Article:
Duke University School of Medicine

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Open Postdoctoral Fellow Position!

We have an opening for a Postdoctoral Associate at the Duke University School of Medicine. We are seeking a motivated person to take on projects defining host factors that are able to control influenza virus replication, and then determining the mechanisms behind how those factors affect the virus. To address these questions, we will utilize high-throughput genomic screening approaches, primary cell culture systems, and animal models of influenza disease.  Check out the link below for more information!

https://careers.duke.edu/job/Durham-POSTDOCTORAL-ASSOCIATE-Molecular-Genetics-and-Microbiology-NC-27710/937354200/

New work published on viral infections during pregnancy

Congrats to Al on his recent publication (and collaboration with the Lim lab) describing how the protein GPER1 protects fetal development from the inflammation produced during a maternal influenza virus infection.  Normally, maternal respiratory viral infections cause only minor developmental problems (such as low birth weight) for the developing fetus. However, at least in a mouse model, the loss of GPER1 during maternal viral infection causes severe developmental abnormalities and fetal demise.  Check out the full story at the links below!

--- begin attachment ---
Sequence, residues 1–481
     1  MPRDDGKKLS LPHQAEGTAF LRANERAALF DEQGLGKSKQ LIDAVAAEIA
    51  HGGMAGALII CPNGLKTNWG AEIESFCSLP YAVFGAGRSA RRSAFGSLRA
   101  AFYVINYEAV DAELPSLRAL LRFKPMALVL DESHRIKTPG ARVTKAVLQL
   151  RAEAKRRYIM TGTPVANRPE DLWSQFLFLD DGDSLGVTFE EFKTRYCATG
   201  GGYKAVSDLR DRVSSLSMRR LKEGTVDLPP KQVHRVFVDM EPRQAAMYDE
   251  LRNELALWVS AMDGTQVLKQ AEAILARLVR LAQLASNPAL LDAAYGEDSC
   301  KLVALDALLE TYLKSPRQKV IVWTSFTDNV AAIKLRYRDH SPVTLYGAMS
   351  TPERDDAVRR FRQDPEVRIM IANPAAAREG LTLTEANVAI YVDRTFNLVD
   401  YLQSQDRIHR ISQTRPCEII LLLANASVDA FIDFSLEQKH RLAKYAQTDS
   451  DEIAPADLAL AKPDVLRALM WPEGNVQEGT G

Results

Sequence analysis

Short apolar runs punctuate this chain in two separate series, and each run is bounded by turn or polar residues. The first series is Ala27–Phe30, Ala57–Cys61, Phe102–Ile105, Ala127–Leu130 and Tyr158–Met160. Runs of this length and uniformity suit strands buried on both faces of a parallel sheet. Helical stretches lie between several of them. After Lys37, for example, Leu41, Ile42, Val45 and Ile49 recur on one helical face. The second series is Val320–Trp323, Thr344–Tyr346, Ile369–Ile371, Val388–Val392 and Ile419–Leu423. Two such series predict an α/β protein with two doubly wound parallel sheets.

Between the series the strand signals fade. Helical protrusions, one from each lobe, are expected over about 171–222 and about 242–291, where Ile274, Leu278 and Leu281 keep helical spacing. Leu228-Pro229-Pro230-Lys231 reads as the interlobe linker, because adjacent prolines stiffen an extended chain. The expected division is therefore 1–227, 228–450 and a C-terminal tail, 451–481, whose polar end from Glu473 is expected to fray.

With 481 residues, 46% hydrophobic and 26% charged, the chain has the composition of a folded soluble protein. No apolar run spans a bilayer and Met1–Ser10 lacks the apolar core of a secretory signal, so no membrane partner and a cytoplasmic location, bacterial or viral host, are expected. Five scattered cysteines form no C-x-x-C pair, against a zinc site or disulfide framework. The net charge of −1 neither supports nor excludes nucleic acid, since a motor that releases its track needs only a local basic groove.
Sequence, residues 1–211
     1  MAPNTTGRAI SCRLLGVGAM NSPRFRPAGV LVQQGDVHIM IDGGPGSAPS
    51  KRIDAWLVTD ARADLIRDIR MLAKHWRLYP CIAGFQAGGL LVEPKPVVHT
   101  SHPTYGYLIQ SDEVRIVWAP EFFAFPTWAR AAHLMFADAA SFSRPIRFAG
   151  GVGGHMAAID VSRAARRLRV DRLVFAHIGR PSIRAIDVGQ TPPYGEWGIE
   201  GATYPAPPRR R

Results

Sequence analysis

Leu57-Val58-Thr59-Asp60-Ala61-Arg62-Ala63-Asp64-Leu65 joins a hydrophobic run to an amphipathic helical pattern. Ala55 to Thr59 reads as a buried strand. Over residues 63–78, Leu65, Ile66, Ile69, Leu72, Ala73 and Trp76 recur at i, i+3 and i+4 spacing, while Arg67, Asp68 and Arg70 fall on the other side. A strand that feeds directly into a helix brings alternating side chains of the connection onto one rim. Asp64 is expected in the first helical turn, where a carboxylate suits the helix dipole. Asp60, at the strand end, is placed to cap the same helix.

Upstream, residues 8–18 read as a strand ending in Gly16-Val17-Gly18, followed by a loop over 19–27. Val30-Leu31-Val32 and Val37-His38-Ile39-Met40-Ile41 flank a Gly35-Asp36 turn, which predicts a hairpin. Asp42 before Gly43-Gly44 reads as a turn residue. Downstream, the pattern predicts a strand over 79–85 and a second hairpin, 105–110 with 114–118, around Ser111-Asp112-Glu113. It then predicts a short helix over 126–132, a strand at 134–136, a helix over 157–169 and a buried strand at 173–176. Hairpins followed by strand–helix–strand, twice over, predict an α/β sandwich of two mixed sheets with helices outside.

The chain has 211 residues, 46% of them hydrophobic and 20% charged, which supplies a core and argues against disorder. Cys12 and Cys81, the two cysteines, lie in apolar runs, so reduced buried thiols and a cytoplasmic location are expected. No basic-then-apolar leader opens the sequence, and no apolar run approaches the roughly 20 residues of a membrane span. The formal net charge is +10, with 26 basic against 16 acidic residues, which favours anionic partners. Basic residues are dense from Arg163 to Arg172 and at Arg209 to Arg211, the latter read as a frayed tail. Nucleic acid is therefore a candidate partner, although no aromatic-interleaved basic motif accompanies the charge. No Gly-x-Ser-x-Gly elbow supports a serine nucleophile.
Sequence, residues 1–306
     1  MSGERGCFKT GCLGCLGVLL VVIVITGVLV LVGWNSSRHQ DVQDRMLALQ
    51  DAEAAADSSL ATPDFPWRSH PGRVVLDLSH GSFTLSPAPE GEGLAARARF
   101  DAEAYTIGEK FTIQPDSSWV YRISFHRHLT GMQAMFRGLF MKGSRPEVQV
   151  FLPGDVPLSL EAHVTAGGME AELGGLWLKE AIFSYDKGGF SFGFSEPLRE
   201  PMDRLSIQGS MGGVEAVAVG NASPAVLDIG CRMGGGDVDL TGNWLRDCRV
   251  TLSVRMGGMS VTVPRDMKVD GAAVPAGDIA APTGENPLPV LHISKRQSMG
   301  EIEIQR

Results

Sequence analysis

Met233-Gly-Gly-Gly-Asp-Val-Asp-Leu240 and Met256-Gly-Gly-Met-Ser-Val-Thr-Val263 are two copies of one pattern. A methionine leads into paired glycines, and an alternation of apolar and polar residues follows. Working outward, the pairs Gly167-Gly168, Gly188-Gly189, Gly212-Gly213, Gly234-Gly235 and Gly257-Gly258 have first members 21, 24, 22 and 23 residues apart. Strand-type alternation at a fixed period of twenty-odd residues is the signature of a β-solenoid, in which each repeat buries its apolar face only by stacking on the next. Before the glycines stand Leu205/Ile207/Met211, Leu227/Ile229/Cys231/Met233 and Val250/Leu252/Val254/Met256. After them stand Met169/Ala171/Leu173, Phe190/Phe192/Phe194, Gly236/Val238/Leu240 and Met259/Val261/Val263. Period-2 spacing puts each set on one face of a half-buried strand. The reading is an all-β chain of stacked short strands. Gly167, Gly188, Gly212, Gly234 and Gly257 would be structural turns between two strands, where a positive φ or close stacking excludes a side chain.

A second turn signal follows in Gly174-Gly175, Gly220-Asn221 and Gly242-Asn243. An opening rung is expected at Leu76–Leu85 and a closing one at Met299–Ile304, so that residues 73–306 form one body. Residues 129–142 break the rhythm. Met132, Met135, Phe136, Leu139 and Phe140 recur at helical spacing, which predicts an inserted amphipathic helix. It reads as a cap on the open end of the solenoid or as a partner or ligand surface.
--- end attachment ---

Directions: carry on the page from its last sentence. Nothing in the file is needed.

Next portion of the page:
Also featured on Duke Today:

New Positions in the Heaton Lab!

Update, Dec 2019.

We have open positions for a lab research analyst and a post-doctoral fellow who are interested in defining the mechanisms of how influenza viruses cause disease.  Check out the position descriptions at the links below and feel free to contact us if you have any questions.

https://careers.duke.edu/job/Durham-POSTDOCTORAL-ASSOCIATE-NC-27710/611424800/

https://careers.duke.edu/job/Durham-RESEARCH-TECHNICIAN-II-NC-27710/611518600/?locale=en_US

 

Ben’s Paper on DNA Repair During Influenza Virus Infection is Published!

Our newest paper is now online!  In this collaborative work with the Cherry lab, we show that DNA mismatch repair is critical for club cells in the lung to be able to survive direct influenza A virus infection.  Check it out at this link!

And here’s some press about the paper:

https://today.duke.edu/2019/07/lung-cell-patches-its-own-dna-fly-survive-influenza

https://www.eurekalert.org/pub_releases/2019-07/du-lcp072919.php

https://www.sciencesetavenir.fr/sante/ces-cellules-qui-resistent-face-au-virus-de-la-grippe_136087

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